Several people have asked us, “How did you get into Turkmenistan? Isn’t it closed to foreigners?” Turkmenistan is a special bureaucratic animal. But, with a little bit of advanced planning and an expanded daily budget, it really isn’t all that difficult, particularly if you don’t work for a media company or human rights organization. We believe our visit there was well worth the effort and adjustments required.
One option is to apply for a transit visa, which you must do on your own. The advantage: you can travel the country unaccompanied. The disadvantages: you’ll have a short period of time to cover a large country and your visa is far from guaranteed. We met several disappointed travelers whose applications for Turkmenistan transit visas were either rejected or granted with impossibly short periods of time, leaving them to drown their sorrows in bad Tajik wine.
Alternatively, you can apply for a tourist visa. The catch is this: in order to obtain a tourist visa (i.e., more than the maximum five-day transit visa), you need to purchase an organized tour with an authorized tour company. Additionally, your tour guide is required to be with you at all times, except in the capital city of Ashgabat.
We normally run in the opposite direction when we hear the words “organized tour,” but our curiosity got the better of us so we jumped through the necessary hoops to make Turkmenistan happen.
We used and can recommend Stantours for visa support (Letter of Invitation – LOI) and tour. The LOI took about three weeks while the actual visa only took a few days to be issued from the Turkmenistan Embassy in Yerevan, Armenia. The process was painless and delivery quick.
As one of our travel mates discovered, it is also possible to get your Turkmenistan visa on arrival as long as your LOI is in order and you have another few hours to burn while awaiting the arrival of the appropriate official to show up. Airports and sea ports apparently share the same visa official, who shuttles back and forth among the different locations. It is always possible that the Turkmen authorities might reject you at the border, but this is unlikely if your paperwork is in order.
In order to control the cost of your tour, let your tour operator know that you are interested in joining an existing tour or adding travelers to your group. This not only helps financially, but you will likely meet some interesting people.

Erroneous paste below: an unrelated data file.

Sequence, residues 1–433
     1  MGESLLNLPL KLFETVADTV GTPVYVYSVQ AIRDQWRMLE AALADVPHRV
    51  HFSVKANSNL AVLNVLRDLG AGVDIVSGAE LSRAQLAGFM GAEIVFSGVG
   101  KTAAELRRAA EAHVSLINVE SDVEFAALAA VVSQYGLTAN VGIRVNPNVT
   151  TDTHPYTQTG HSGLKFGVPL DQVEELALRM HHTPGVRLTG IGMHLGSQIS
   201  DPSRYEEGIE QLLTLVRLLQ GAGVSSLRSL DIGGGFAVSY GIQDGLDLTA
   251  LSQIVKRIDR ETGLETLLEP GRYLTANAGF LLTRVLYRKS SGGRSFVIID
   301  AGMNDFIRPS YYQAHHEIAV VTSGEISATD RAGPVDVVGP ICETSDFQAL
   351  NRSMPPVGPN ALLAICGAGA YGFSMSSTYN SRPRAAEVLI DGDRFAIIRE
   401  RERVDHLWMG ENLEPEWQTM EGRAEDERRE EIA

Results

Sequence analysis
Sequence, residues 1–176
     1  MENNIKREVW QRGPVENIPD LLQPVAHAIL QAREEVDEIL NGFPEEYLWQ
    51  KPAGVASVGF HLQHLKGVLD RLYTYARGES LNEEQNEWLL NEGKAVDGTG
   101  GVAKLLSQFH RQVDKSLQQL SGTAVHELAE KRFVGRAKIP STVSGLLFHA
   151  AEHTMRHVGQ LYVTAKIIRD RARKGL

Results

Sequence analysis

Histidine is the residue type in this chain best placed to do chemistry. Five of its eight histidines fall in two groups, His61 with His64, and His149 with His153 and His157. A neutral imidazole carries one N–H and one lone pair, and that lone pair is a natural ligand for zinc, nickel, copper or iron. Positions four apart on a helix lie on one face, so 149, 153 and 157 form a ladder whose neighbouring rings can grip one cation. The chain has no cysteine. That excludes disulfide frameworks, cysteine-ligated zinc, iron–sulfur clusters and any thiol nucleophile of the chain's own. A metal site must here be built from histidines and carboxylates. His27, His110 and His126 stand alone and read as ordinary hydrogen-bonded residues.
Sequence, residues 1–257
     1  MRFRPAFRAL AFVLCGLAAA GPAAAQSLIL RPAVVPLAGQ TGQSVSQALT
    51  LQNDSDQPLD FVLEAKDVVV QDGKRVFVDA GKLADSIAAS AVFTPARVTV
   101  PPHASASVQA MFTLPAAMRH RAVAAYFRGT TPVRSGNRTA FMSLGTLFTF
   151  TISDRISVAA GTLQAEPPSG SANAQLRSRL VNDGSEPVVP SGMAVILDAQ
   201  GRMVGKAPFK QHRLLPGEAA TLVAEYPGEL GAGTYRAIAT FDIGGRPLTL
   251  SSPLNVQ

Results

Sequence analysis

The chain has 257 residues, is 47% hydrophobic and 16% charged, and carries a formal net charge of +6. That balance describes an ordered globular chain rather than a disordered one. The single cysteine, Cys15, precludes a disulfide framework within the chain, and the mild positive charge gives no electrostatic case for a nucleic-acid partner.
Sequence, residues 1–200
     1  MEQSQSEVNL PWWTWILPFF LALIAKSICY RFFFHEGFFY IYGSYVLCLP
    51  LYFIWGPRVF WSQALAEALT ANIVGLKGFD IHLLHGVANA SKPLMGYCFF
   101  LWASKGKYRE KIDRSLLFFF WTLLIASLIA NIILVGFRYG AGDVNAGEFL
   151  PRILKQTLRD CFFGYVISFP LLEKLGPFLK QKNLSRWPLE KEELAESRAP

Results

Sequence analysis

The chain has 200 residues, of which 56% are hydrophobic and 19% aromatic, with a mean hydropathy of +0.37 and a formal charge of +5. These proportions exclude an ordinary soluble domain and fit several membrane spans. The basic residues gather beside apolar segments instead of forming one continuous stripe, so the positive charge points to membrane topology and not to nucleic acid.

Your guide is supposed to meet you at your port of entry and escort you through the entry process (Turkmenistan immigration and customs). If he/she doesn’t show up, just make sure you get stamped in, get your foreigner registration card ($10 + $2 administrative fee), and keep a copy of your customs form. We were concerned about our laptops, cameras, mobile phone, and other electronic devices, but the customs officials in Turkmenbashi’s sea port did not seem to care.
Hint: Women, if you wish to speed up the process at customs/goods inspection, put some female garments and toiletries at the top of the bag. The male customs officials will likely want to avoid having to shuffle through “women’s things,” as one male customs official uttered with disgust when Audrey opened her bag.
Turkmenistan Letter of Invitation: Through Stantours, $50/person.
Turkmenistan Visa: We paid $72 per person at the Turkmen Embassy in Yerevan, Armenia for 3-day express service.
Turkmenistan Tour: We were able to share fixed costs – guide and transport – between four people, which reduced costs considerably. It came to $65/person per day for accommodation, breakfast, guide, transport and one flight between Mary and Ashgabat. This was well above our normal daily budget, but it was a pleasant break for us to not have to think constantly of where to spend the night and what time the next bus was leaving.